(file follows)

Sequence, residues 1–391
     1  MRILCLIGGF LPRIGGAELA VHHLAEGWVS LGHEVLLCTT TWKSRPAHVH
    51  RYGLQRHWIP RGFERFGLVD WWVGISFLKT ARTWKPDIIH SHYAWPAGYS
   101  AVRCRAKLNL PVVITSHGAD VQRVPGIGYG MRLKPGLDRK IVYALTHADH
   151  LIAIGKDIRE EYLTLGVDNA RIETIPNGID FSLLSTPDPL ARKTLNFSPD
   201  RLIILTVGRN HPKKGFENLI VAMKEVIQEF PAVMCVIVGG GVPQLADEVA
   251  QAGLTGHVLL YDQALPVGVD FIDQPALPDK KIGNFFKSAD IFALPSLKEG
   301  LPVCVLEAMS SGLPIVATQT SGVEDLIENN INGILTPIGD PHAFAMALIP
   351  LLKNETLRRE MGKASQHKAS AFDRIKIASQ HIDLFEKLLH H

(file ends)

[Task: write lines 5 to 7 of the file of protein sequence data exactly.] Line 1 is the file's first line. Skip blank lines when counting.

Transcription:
   151  LIAIGKDIRE EYLTLGVDNA RIETIPNGID FSLLSTPDPL ARKTLNFSPD
   201  RLIILTVGRN HPKKGFENLI VAMKEVIQEF PAVMCVIVGG GVPQLADEVA
   251  QAGLTGHVLL YDQALPVGVD FIDQPALPDK KIGNFFKSAD IFALPSLKEG